The Cruel Age of Group Think

There must surely be a creeping anxiety spreading thoughout the English cricket team – what tweets from their teenage years lie like time bombs waiting to be discovered? What adolescent thought crimes may slip out of the long forgotten murky past to destroy their career?

I was thinking about my own past, teenage years and childhood. I once drank cider underage in a pub. I once put a bet on a horse, a shilling, underage as a teen. But the event where I really went off the rails happened when I was about 11.

I grew up in South West London, near Wimbledon Common. One night when it was about 11pm, long after we had been put to bed on a school night, I convened ‘my gang’. There were four of us and more ‘Just William’ than contemporary Brixton.

Our escapade involved putting a duffle bag and a mop in my bed to disguise the fact that I wasn’t there anymore, and shinning down the drain pipe outside my bedroom window to meet my friends – the gang. Sadly the evening ended up with an act of vandalism.

In mitigation, we were a bunch of socially responsible vigilante kids, trying to create a speed trap to deter cars from racing down a hill. It involved unscrewing a particular car aerial and extending it across the road, where it would be hit, too small to be seen by the offending car, and then slow the car to a stop as the driver wondered what the noise was. But that night the unscrewable aerial was not there and so…..

I obviously don’t want to incriminate myself. But even before my parents had discovered what I had actually been up to, shinning up the drain pipe I found the bedclothes pulled back, my subterfuge exposed. I went downstairs to face the music. My father caned me and, much much worse, stopped my pocket money for six months to pay for the damage.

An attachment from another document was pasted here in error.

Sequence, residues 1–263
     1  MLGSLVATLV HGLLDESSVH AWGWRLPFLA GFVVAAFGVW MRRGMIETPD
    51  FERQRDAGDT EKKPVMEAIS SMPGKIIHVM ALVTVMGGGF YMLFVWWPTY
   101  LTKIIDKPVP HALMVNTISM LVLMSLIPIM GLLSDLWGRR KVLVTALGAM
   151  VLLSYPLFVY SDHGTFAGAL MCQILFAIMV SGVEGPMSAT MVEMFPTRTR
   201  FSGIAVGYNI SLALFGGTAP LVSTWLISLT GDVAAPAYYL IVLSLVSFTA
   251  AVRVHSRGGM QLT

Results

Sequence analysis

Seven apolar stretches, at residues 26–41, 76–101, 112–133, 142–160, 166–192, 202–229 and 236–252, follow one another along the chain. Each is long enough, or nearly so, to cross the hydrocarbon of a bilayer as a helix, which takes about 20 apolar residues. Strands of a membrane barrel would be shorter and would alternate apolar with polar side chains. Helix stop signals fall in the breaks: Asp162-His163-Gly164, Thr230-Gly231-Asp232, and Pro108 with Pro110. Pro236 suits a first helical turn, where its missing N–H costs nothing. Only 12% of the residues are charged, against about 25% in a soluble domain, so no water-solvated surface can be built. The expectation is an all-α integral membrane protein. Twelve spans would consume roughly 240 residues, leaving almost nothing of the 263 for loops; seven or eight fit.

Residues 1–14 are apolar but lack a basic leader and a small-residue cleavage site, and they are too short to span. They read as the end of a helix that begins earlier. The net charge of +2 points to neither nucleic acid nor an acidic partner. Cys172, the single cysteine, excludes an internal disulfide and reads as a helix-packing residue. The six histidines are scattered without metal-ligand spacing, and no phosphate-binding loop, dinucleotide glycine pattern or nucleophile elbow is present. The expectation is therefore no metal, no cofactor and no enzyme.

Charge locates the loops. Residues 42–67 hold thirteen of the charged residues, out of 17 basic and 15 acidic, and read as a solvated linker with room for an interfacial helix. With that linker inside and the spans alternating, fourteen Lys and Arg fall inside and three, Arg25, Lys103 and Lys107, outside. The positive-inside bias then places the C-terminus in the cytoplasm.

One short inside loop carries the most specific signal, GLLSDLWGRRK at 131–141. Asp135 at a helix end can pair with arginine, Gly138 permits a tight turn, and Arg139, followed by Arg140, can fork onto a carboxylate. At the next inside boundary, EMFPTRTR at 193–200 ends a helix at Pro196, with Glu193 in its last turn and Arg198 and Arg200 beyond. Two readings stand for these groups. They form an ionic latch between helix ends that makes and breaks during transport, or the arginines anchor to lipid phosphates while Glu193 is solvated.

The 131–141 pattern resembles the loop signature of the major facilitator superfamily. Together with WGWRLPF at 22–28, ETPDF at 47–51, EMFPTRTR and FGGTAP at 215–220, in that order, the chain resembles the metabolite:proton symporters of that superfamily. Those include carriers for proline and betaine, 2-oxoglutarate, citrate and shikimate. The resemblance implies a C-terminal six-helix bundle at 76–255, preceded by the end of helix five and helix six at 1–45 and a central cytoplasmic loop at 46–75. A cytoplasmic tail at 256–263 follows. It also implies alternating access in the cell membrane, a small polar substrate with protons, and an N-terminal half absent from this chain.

I was lucky I didn’t get into trouble with the police. I was lucky my adolescent stupidity didn’t mark my card longer than it did. But the Christian culture I grew up in allowed penitence, sorrow, changes of direction and forgiveness.

But something has changed. It’s no longer about what you did. It’s what you thought – or what they think you thought.

I’m not about to be selected for the English cricket team, but if I was, today, someone might start looking into my past. Like all of us, they would find stuff I was ashamed of, stuff I had put behind me, stuff I had repudiated, and stuff I had forgotten. What a lucky break there was no Twitter when I was growing up. Because the first place everyone looks today is social media like Facebook or Twitter.

Sadly for Ollie Robinson, who had just been selected to play cricket for England, Twitter and his teenage years just overlapped.

He put out some silly, daft and, if you understand them, somewhat offensive tweets when he was 18. Like a lot of teen jokes, other people didn’t find them very funny. Some people would have been made very cross by some of them.

But then adolescents push the boundaries, don’t they. That’s what that period of life is supposed to be about.

This is what he wrote:-

“I wonder if Asian people put smileys like this ¦) #racist”;

“My new Muslim friend is the bomb. #wheeyyyyy”;

“Real n—– don’t let the microwave hit 0:00”; and

“Wash your fingers for the mingers #cuban”.”